~ Follow my adventures as a super-hero cat and an eccentric food taster ~

Jul 7, 2010


CHAPTER 14: Tracking Down the Bomber "Katzenjammer" ©

A couple of weeks after the attempted bombing of the cat-show, headquarters called me in for a briefing. There were five of us in the room including three superheroes.

Head Honcho Harry (not his real name) turned the lights off so he could show some information on the projector about the elusive bomber Katzenjammer. His assistant sat poised at his computer nearby, ready to take notes.

"We've found survelliance footage from the cat-show which includes some images of the man we believe to be Katzenjammer," he began.

Clicking the remote, a grainy image of a largish man in black showed up on the screen on the wall. He was a very ordinary looking fellow with a moustache and a receding hairline. He was carrying a cat-cage which he placed amongst other entries in the line-up for the cat-show competition.

"This is the only person we have been unable to locate. There was no official entry form completed and we were unable to obtain any kind of information or videos of the carpark and had thought we'd come to a dead-end."

"We asked the show organisers to keep every piece of rubbish from both inside and outside of the marquee and place them into a bag for us and to pass on any unclaimed items. Some of our agents have been sifting through the left-overs to determine if anything looked like it didn't belong to the event or competitors," Harry said.

"Out of a dozen items, we've narrowed it down to three. Your assignment is to track down their owners."

"I assume you've done the usual fingerprint tests," Marie the hedgehog asked.

I had met Marie for the first time just prior to the meeting, and she seemed a very serious type.

"Yes," Harry said. "We've also checked for residues of any kind."

Picking up a large black coat he said, "This was unclaimed and we've found high traces of ammonia in its fibres."

He then held up a novel entitled, "All You Ever Wanted to Know About Exotic Felines" by Tootsie Felor.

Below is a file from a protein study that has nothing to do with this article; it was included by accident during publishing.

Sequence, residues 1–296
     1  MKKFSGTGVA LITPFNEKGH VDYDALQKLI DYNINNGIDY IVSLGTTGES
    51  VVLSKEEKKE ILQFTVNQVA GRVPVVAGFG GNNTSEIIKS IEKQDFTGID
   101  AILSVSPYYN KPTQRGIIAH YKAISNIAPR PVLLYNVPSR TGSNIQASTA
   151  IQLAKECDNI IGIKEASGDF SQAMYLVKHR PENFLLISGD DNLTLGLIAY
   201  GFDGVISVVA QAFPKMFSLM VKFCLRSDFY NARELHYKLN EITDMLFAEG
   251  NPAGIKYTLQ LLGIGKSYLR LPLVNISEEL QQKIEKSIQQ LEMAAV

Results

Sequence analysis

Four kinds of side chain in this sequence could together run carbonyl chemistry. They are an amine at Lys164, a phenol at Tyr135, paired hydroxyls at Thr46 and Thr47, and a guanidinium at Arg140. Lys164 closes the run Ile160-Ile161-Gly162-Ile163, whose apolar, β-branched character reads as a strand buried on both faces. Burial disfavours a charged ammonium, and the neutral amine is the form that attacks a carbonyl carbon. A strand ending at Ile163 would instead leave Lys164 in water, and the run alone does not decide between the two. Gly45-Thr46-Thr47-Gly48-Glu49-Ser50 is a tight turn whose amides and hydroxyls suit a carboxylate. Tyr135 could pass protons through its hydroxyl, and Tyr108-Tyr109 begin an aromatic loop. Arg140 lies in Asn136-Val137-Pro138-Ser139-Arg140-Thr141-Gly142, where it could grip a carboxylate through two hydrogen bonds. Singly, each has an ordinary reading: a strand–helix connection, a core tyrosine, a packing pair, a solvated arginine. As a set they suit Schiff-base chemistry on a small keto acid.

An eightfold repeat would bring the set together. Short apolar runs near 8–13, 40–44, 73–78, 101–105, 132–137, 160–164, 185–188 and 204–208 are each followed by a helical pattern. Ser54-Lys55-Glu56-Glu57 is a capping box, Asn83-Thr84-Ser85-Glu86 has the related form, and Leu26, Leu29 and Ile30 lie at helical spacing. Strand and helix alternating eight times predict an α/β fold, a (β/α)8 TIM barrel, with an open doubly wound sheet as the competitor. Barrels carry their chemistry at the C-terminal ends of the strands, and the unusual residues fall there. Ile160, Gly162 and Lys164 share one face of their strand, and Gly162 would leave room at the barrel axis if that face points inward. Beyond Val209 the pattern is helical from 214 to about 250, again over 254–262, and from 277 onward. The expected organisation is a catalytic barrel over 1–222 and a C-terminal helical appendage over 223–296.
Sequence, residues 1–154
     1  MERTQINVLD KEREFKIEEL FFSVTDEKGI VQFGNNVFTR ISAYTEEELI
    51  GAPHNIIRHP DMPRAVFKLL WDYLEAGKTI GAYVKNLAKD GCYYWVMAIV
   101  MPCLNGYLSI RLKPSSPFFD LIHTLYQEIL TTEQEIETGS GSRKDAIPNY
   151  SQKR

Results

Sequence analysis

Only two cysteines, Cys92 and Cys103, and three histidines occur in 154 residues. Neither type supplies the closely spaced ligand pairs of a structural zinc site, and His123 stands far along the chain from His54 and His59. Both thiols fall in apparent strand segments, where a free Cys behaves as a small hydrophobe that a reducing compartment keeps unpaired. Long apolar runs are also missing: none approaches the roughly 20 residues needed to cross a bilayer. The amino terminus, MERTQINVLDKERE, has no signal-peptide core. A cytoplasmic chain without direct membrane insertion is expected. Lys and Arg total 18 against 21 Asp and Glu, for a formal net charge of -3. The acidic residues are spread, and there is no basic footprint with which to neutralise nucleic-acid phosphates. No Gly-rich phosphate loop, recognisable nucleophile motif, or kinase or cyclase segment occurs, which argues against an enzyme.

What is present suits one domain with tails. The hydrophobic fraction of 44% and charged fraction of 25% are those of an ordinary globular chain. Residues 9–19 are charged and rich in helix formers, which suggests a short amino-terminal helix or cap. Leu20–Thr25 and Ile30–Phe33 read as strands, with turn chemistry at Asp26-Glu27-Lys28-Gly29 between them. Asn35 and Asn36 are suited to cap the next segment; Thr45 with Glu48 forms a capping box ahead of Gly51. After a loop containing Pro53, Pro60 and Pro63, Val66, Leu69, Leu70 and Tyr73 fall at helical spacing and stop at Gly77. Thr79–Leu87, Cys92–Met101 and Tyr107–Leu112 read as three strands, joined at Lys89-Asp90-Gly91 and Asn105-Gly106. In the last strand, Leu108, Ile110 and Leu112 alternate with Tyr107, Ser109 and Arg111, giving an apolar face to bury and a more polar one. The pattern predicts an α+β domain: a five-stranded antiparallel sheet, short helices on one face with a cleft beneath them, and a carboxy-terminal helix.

"We found a partial print on this but have been unable to trace link it to any known criminals."

After placing the first two items back onto the table in front of him, he held up an oddly shaped piece of metal about 12x8cm. Silver in colour it looked unremarkable.

"We have not been able to find the owner of this piece nor been able to determine what it's for."

"What is it made from?" Thomas a carpet python asked.

"An amalgum of stainless steel, aluminium and copper, as well as other trace metals," Harry replied.

"Working as a team, I want you three to use all of your super-powers to see if you can find out anything else what may shed some light on these items," Harry said, reaching for the light switch.

The room was once again bathed in light.

The three of us crowded around the table. I was curious to know what super-powers the other two had.

"Oh yes," said Marie, scrunching up her little hedgehog nose, "The ammona smell is quite intense." 

She rubbed her nose a little and sniffed, "I hope I can smell past it."

"Aha! A super-nose," I thought to myself.

While I myself had a very impressive sense of smell, it probably wasn't as sensitive as the hedgehogs.

Leaning in to the book Marie twitched her nose above it and said, "Toilet cleaner, newspaper and some traces of sweet and sour sauce on the front cover."

She nodded towards the assistant standing nearby and asked him if he could turn the pages. Reaching in with his gloved hands, he turned the pages one by one.

Marie sniffed as each page was turned, adding in little comments, "Soot. Ah tea-leaves. Ooh a touch of tobacco there - a very nasty, cheap kind of tobacco. Dust particles and some grit. Car fumes. More dust. Lasagne. Pigeon droppings. Scorched metal for a couple of chapters and something I can't quite put my nose on."

"May I look?" I asked, nodding towards the assistant holding the book. It was the first time that I would use my super-sight for looking at something microscopically for an assignment.

"Yes Marie, I agree with you on the soot. Some very minute traces there. Lots of dust particles and grit and traces of smog, but not a lot. I'm afraid there's not a lot more I can see," I said as the pages were turned.